(6) The coherent light W2 (wavelength: 235.8 nm) obtained from the nonlinear optical crystal C3 is introduced via the mirror M1 and the dichroic mirror DM1 into the nonlinear optical crystal C4 for generating a summed frequency (CLBO crystal).

(7) The nonlinear optical crystal C4 for generating a summed frequency (CLBO crystal) generates from the above described basic laser light W1 (wavelength: 1064 nm) and the above described coherent light W2 (wavelength: 235.8 nm) light with a summed frequency with 193 nm.

The wavelengths of the solid state laser light source L1 and of the OPO oscillator L5 in FIG. 20 can be stabilized by the line spectral regions of the atoms according to FIG. 3.

As is shown in FIG. 3(a), light with a wavelength of 193 nm can be obtained by stabilizing the wavelength of the OPO oscillator L5 using the absorption spectra of xenon (Xe), krypton (Kr), helium (He) and argon (Ar) and by stabilization of the Nd:YAG laser light source L1 using the absorption spectra of iodine (I2) molecules or samarium (Sm).

Furthermore, as is shown(in FIG. 3(b), light with a wavelength of 193 nm can be obtained by stabilizing the wavelength of the OPO oscillator L5 using the spectra of xenon (Xe), neon (Ne), krypton (Kr) and argon (Ar) and by stabilizing the Nd:YLF laser light source using the absorption spectrum of argon when a Nd:YLF laser light source is used as the solid state laser light source L1.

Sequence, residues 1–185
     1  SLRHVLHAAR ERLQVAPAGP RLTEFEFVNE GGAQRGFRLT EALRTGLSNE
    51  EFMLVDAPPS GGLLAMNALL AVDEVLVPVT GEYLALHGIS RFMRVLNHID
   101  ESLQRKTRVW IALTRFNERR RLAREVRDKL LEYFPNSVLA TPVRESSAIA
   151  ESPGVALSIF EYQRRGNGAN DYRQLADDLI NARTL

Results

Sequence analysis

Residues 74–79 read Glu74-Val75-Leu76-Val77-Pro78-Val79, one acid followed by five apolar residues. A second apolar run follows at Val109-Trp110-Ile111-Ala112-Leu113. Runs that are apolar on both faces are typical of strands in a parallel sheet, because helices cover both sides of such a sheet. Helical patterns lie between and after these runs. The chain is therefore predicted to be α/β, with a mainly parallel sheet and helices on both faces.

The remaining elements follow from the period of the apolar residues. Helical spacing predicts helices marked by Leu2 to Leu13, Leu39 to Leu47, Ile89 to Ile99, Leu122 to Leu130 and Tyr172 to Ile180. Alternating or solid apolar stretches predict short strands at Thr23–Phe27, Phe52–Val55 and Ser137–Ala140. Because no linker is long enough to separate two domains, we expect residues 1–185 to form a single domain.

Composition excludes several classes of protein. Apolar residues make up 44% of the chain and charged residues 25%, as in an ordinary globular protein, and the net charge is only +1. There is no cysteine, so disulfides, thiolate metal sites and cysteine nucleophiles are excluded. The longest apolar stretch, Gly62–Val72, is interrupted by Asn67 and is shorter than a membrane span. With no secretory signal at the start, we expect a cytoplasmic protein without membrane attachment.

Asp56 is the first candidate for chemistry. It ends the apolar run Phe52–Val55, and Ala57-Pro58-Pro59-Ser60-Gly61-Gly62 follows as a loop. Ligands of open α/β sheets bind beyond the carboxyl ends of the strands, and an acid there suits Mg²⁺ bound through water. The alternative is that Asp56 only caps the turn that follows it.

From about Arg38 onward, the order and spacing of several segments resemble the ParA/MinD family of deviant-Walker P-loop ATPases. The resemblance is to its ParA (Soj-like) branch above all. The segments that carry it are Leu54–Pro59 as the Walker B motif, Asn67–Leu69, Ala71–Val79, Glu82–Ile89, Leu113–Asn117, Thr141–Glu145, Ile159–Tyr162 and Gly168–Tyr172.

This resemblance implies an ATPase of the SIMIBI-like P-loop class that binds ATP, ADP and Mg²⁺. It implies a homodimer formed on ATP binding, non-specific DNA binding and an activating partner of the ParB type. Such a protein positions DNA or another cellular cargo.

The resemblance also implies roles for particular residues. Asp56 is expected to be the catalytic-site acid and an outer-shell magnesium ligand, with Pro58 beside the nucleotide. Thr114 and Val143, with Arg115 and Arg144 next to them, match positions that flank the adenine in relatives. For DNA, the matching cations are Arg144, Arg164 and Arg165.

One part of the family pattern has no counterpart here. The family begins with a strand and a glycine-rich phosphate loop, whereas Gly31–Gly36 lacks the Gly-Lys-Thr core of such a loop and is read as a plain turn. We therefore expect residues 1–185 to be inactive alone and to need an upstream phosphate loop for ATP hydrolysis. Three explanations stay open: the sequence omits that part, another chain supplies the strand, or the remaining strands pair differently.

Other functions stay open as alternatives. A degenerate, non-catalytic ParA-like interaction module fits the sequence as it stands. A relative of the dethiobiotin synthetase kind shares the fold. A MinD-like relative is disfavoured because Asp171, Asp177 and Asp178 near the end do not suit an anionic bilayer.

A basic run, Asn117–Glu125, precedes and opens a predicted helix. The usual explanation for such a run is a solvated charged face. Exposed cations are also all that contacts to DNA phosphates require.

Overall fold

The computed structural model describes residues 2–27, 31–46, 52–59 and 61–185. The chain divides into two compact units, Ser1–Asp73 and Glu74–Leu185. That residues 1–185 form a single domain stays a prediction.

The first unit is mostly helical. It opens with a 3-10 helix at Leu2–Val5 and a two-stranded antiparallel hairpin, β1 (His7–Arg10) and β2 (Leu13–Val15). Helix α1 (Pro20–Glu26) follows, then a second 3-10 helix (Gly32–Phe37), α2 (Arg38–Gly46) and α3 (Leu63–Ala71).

FIG. 21 is a schematic of another example of the arrangement of a light source device using the OPO oscillator for generating a summed frequency from the coherent light of a coherent light source, and the basic wave from the solid state laser light source. Here a case is shown in which the OPO oscillator L5 is excited by the third harmonic of the solid state laser light source L1.

In FIG. 21 light with a summed frequency with a wavelength of 193 nm is obtained as follows:

(1) The basic laser light W1 (wavelength: 1064 nm) which is emitted from the Nd:YAG laser light source L1 is allowed to be incident on a nonlinear crystal C10 (CLBO crystal, LBO crystal, KTP crystal or BBO crystal) and thus a second harmonic (wavelength: 532 nm) is produced.

(2) The basic laser light W1 (wavelength: 1064 nm) which has been emitted by the nonlinear crystal C10 and its second harmonic are incident on the nonlinear optical crystal C13 (CLBO crystal, LBO crystal, BBO crystal) and generate a third harmonic (wavelength: 354.7 nm).